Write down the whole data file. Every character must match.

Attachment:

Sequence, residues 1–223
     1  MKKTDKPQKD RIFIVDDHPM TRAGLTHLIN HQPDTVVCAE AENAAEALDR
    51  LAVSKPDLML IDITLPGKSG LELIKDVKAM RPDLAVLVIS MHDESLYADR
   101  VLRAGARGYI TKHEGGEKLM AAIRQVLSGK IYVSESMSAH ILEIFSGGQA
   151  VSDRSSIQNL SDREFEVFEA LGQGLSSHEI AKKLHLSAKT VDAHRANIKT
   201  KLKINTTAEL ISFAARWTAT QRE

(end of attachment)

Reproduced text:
Sequence, residues 1–223
     1  MKKTDKPQKD RIFIVDDHPM TRAGLTHLIN HQPDTVVCAE AENAAEALDR
    51  LAVSKPDLML IDITLPGKSG LELIKDVKAM RPDLAVLVIS MHDESLYADR
   101  VLRAGARGYI TKHEGGEKLM AAIRQVLSGK IYVSESMSAH ILEIFSGGQA
   151  VSDRSSIQNL SDREFEVFEA LGQGLSSHEI AKKLHLSAKT VDAHRANIKT
   201  KLKINTTAEL ISFAARWTAT QRE